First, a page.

Machine vision trumps Chicago Cubs

My newspaper/Web browsing usually starts with sports pages, then goes to business. First I get a base in stability, seeing that the Chicago Cubs are muddling along with the depressing mediocrity they’ve provided since the 1908 World Series.

This week, I got a nice contrast in the business pages. First quarter data from the Automated Imaging Association said machine vision sales were up 34 percent, while the Robotic Industries Association saw a rise of 16 percent in units and 30 percent in revenues.

It’s pretty reassuring to see that the manufacturing world is making investments in machine vision and robotics. These 20-30 percent upticks are pretty much in line with recent board and semiconductor data from IPC and SEMI, respectively. All these groups caution that the comparisons are based on depressed 2009 markets.

The AIA report was cautiously optimistic about the future — there’s no mention of 2009’s most-used word, decline. Roughly half the participating companies expected sales to increase during the next two quarters, with about half predicting sales for the next six months will remain more or less static.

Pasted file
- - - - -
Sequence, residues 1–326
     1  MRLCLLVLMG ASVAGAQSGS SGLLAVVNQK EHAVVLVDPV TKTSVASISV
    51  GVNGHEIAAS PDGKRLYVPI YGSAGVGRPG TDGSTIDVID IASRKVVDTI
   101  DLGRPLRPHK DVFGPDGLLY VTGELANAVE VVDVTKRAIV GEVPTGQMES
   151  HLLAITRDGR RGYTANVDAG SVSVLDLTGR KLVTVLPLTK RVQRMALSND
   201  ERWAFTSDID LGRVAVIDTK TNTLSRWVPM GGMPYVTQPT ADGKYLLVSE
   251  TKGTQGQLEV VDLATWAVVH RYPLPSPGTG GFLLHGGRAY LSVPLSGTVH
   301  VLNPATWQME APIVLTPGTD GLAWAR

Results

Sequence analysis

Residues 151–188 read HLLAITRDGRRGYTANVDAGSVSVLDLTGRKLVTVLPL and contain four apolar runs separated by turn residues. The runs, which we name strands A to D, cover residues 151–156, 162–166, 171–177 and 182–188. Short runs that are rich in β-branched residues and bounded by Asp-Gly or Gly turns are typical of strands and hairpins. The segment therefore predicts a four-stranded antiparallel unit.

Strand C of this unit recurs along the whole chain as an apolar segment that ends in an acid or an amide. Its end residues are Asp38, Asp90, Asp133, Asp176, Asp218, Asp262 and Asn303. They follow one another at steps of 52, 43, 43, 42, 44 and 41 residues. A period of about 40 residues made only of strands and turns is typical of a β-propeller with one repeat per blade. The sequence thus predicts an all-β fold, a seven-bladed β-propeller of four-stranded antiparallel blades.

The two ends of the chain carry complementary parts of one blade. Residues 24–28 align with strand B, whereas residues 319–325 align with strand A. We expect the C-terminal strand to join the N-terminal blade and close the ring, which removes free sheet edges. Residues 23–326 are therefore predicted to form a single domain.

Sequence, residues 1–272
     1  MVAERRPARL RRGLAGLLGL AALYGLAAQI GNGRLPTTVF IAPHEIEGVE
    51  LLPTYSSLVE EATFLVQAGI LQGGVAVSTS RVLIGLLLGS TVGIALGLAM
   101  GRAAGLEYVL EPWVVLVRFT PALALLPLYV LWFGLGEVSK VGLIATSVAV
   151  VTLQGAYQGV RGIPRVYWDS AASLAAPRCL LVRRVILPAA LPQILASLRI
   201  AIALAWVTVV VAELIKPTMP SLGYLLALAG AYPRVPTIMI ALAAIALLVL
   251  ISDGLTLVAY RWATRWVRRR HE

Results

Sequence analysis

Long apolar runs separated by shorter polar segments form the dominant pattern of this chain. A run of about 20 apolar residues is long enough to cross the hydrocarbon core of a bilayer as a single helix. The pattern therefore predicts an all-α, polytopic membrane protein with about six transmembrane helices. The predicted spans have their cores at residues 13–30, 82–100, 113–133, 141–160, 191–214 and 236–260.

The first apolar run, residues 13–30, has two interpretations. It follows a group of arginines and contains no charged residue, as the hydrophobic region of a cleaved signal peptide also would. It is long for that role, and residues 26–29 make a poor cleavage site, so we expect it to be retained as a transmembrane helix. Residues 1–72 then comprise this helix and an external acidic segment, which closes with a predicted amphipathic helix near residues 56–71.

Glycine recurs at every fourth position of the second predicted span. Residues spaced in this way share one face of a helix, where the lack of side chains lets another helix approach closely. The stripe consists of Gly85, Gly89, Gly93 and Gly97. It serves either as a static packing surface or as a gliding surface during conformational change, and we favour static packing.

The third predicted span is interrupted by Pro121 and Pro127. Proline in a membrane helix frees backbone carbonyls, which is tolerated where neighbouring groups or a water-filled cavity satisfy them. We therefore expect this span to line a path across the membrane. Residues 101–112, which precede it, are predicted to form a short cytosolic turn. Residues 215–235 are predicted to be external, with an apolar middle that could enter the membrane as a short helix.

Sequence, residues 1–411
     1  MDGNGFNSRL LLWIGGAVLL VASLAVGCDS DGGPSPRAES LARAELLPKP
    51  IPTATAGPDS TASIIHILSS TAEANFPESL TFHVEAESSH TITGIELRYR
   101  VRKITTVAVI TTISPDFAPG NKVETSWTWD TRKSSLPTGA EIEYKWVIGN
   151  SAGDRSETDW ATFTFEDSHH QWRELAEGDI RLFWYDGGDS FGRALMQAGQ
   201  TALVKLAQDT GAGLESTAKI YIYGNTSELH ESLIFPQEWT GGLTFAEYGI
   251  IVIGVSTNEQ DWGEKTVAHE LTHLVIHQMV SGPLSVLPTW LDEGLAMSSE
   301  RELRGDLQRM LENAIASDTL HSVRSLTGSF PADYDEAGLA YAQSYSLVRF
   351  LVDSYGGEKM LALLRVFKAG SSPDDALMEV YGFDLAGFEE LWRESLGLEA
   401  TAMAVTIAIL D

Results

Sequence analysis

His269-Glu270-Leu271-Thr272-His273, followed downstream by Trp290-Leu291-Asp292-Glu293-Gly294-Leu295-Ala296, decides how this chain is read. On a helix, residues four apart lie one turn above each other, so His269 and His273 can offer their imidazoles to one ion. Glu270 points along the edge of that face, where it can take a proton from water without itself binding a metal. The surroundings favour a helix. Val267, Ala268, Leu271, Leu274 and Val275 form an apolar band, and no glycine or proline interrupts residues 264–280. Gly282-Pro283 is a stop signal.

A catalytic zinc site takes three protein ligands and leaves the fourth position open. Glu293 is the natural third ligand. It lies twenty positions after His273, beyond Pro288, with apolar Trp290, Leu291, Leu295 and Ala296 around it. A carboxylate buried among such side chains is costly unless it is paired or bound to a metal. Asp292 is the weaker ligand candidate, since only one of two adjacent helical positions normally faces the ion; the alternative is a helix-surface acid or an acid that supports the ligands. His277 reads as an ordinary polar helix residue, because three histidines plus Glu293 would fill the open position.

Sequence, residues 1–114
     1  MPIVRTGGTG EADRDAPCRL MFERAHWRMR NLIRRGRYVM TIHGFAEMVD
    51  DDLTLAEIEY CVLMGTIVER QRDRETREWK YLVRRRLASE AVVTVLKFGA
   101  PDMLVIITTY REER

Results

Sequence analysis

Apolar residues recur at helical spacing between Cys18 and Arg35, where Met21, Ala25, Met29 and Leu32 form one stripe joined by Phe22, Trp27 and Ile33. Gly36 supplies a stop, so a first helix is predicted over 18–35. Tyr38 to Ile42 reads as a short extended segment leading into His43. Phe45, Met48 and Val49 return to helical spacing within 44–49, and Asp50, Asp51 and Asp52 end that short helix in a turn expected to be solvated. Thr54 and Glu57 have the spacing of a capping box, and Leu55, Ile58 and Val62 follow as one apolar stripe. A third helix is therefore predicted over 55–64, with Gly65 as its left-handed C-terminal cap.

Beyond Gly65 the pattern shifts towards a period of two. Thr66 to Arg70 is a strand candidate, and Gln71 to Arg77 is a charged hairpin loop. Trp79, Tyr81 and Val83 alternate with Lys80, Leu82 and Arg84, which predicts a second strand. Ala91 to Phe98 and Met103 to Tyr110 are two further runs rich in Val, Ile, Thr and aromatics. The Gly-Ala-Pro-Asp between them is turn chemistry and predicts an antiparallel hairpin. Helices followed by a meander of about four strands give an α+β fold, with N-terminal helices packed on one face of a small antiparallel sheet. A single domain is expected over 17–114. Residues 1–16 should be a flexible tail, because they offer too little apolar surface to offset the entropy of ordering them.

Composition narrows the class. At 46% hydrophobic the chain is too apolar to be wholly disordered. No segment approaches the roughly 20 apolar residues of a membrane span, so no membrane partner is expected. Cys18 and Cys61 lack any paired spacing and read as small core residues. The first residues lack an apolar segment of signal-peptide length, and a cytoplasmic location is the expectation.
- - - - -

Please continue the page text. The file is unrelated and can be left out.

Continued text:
Many people might be pretty tired of “cautiously optimistic.” Rightfully so. But cautious optimism sure beats the “depressingly pessimistic” watchword of 2009 business pages and the past 102 years of Chicago Cubs prospects.

One Comment

  1. Posted August 13, 2010 at 8:04 am | Permalink

    Terry, anyone can have a bad century now and then. But thank goodness manufacturing looks good.

    But what if the Cubbies also looked good? What if they actually won? Our entire identity as Cub fans would be destroyed, our very essence for generations of my family. And yet, somehow I think we’d learn to cope with winning, alien as it now seems.

    Also, please check out my blog, where I mention your blog:

    Best, Merry

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